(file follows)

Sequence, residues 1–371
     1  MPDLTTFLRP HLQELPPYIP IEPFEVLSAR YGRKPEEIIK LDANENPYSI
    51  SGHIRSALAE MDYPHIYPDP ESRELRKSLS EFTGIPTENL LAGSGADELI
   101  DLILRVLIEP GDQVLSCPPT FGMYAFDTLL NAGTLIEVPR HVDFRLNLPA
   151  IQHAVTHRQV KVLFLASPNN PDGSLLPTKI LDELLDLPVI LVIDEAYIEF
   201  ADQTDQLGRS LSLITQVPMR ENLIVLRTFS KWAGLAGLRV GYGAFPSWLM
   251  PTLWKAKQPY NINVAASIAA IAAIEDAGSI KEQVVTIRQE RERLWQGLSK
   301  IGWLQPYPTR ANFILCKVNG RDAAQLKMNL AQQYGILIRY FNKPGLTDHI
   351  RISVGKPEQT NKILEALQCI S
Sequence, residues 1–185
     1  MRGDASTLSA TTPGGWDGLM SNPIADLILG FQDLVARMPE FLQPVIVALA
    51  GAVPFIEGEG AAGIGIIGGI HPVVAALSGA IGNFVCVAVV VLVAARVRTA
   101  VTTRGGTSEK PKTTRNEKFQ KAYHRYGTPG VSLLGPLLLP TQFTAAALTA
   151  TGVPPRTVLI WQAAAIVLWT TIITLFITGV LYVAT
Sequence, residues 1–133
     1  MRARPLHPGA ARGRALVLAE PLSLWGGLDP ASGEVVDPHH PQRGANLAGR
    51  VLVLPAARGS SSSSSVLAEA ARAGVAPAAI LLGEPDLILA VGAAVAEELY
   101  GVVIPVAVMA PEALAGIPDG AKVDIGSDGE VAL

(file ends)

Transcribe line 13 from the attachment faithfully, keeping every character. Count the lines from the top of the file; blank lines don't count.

   101  VTTRGGTSEK PKTTRNEKFQ KAYHRYGTPG VSLLGPLLLP TQFTAAALTA